By Abdullahi Bego
In Sokoto today, the Society of Gynecology and Obstetrics of Nigeria (SOGON), which is holding its 51st annual general meeting and scientific conference there, will confer an award on Governor Ibrahim Gaidam for the progress that Yobe has made in maternal, newborn and child care.
There are many reasons why this award is significant. First, although data has shown a global decrease in the ratio of maternal deaths from 380 per 1, 000 livebirths to 210 per 1, 000 livebirths from 1990 to 2013, maternal and child health is still a concern, especially in northern Nigeria which had some of the most dismal maternal and child mortality and morbidity statistics. Cultural factors may have something to do with this but across vast swathes of the region, healthcare infrastructure and investments have still yet to measure up.
Second, in the northeast where Yobe State is located, years of Boko Haram’s ruthless insurgency has hit women and children with particular ferocity. They are often the worst affected when tragedy struck, and they are likelier than most to shoulder the burden when a Boko Haram attack displaces a community, say, or when family heads were felled down by Boko Haram bullets.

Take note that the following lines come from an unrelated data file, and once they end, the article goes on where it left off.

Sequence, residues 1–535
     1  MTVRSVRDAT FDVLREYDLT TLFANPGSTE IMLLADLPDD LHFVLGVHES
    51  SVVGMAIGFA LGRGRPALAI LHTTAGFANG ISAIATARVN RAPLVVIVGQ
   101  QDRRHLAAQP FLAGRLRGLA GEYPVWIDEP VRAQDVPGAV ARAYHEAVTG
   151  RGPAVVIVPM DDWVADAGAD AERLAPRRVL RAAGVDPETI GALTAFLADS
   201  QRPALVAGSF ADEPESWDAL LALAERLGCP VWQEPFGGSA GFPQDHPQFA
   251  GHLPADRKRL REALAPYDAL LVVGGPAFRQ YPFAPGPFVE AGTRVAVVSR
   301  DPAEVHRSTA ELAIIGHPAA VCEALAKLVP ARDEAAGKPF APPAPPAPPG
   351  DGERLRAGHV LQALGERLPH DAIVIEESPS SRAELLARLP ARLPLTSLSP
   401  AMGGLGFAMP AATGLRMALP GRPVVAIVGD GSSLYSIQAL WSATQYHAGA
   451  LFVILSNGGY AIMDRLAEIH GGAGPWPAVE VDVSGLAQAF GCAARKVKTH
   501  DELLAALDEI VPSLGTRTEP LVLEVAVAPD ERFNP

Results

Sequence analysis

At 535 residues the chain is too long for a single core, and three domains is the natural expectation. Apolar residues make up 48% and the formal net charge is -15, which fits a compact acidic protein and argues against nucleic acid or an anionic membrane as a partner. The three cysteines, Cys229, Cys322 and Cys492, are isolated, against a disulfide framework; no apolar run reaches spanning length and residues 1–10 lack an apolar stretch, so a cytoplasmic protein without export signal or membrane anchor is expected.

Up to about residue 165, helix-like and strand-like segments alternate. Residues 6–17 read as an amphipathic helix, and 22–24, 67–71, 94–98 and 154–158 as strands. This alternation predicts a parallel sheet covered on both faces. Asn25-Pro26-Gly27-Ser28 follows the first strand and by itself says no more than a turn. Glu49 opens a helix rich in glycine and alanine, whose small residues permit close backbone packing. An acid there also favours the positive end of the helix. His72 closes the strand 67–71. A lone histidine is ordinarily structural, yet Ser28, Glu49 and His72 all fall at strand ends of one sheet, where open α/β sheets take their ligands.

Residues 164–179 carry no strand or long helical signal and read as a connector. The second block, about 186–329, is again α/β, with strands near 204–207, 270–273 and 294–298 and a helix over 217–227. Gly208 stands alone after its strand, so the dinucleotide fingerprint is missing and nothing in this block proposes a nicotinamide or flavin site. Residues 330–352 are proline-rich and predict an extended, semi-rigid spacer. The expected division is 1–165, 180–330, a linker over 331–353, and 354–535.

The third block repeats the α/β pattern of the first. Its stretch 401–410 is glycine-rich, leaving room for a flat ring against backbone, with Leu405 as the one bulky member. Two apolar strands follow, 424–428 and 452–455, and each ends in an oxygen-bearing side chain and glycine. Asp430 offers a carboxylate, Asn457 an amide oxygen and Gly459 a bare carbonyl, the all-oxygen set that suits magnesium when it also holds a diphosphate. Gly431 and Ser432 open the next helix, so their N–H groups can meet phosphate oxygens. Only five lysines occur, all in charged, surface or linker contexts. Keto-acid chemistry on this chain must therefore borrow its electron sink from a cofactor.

These and other factors have made it harder to rein in those disturbing maternal and child health statistics. And although it is difficult to quantify, the costs to lives and livelihoods are better imagined.
But thanks to the effort of the Gaidam administration, a better picture is emerging across Yobe State. Incentives and investments now ensure that more women and children are reporting in hospitals and clinics for medical care and routine checkups. The government’s free drug policy for pregnant women and children from zero to five years has eased the burden on many families struggling to make ends meet and has improved childbirth survival rates.
More women are now better poised to contribute to the economies of their individual families and children to enroll and remain in school because of improved health statuses.